She put the phone back in its cradle and instead went to the kettle and made herself a cup of tea. She sat with her mother for the rest of the day, until the sun slipped out of the sky and darkness descended. The storm had long ago blown itself into oblivion, making way for the tranquil stillness that comes after a hurricane. Jackie had done the same, allowing the moments and thoughts of despair to be swept away in the stormy waters.
She looked up through the telescope to see the stars dancing above in their diamond beauty, and then she got to work.
She reached up through the telescope and grabbed the black duvet of space. Some stardust sprinkled her hands like glitter off a birthday card. She heaved and pulled and dragged the galaxy down to earth where she and her mother sat in that conservatory on that infamous Tuesday. She tugged and dragged, scaring poor Apollo with her grunts and sighs, who dived behind her mother’s cardigan which she had wrapped around her body, stiffening slowly as she slipped into rigor mortis. When she had what she needed, she drew it around her mother, blanketing her in the sea of stars. The ones she had longed for all her life. Wrapping her tightly like a swaddled child, in a stars and space. Keeping her safe forever in the place she loved.
Little black horn, weathered and worn; wondering about what to do.
He split the world and climbed inside, and out of hell he peaked on through.
‘A woman struggles to hide the truth from a creature she believes to be her lover; a man journeys to Southern Italy in search of a witch; a child makes a pact with a voice he hears at the bottom of his garden.
From adult fairy-tales to suburban horror; dark intentions seep through this collection of tales from the imagination of Harley Holland.’
Buy the work in paperback or on kindle here: Little Black Horn
Check out Harley Holland also
Just a quick announcement to say that my books are now available in good old fashioned paperback form. No longer must your be chained to your phone or kindle to be whisked away to some wonderful, and sometimes frightening, worlds.
To grab them and get them into your idle hands, please click here.
If you’re unsure of what lies beneath the pages, then visit the books section to read a bit more. If you have any questions or comments, i’d love to hear from you (connect). Or, if you have read any of my work, then please feel free to leave a review on amazon, as i’m sure you’re aware, it’s pretty useful.
Thank you, and to those who have bought any of my works in the past; I hope you enjoyed them and I appreciate your interest. I don’t take any of this for granted. There’s more coming very soon, so watch this space.
All my works are free to download today. Click here and follow the white rabbit…and choose a new friend.
And those who have already shacked up with them, please feel free to leave some reviews on Amazon to let others know what you think. Much appreciated, and I hope you enjoy.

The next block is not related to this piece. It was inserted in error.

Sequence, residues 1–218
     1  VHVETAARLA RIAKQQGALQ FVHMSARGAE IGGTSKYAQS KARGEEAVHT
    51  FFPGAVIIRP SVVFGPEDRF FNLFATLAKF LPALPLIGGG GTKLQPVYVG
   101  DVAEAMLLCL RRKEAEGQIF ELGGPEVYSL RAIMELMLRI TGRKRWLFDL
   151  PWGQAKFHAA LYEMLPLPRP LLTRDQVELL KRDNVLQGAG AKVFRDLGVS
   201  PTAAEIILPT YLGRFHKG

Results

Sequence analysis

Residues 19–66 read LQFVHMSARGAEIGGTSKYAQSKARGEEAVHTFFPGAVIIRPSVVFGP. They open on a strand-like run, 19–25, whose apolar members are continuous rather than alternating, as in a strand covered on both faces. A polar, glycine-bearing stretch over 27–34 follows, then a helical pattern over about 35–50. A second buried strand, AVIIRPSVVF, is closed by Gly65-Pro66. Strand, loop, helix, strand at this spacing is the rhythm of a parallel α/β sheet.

As it’s nice to get something for nothing; it’s nicer sometimes to give back. Give a little get a little and all. I like to support Room to read which helps support literacy and education around the world. I’m sure they would appreciate some contributions/time/love.
He skipped to the last pages of the book that he held like a bible in his hands, hands that had privately explored every secret and every page of the story. Words danced out before him, lost in their own rhythm; reaching their exhausting climax. The ending made no sense as usual, and he momentarily searched his thoughts as to why he’d begun it in the first place.
Ahh, that’s right; the cover looked so intriguing.
He placed the book back on his shelf, nestled it in-between an old copy of Harry Potter and his well-presented and orderly kept CD collection. There it was to remain, unopened and unexplored for an age as the dust that collected hung to the tops of the exposed pages like a glossy film. Over time the spine faded and the adventure was forgotten.
From the shelf, as if the characters had crawled from the pages to investigate, it was noticed how a new book was begun and captivated him. Other volumes cried tears of time as they were passed over again and again in favour of the new and intriguing yarn.
Until one day it was no longer present.
Unbeknownst to those who viewed from the shelf; the book was lost on a rainy Tuesday in the month of November whilst travelling on the underground. As is the case of public transport, too many souls shoved together in the tiny tin can, made for distractions and wandering of minds. Making sure his jacket was straight and his phone was buzzing like always, he had left the book on the seat next to him. A careless gesture one might say, like the throwing of a used cup out of the car window; as the residue drips from the inside. But secretly, upon discovery; he did not mind too much as the new book didn’t interest him as much as he had let on. Maybe someone else is reading that story now, on the Hammersmith and city line.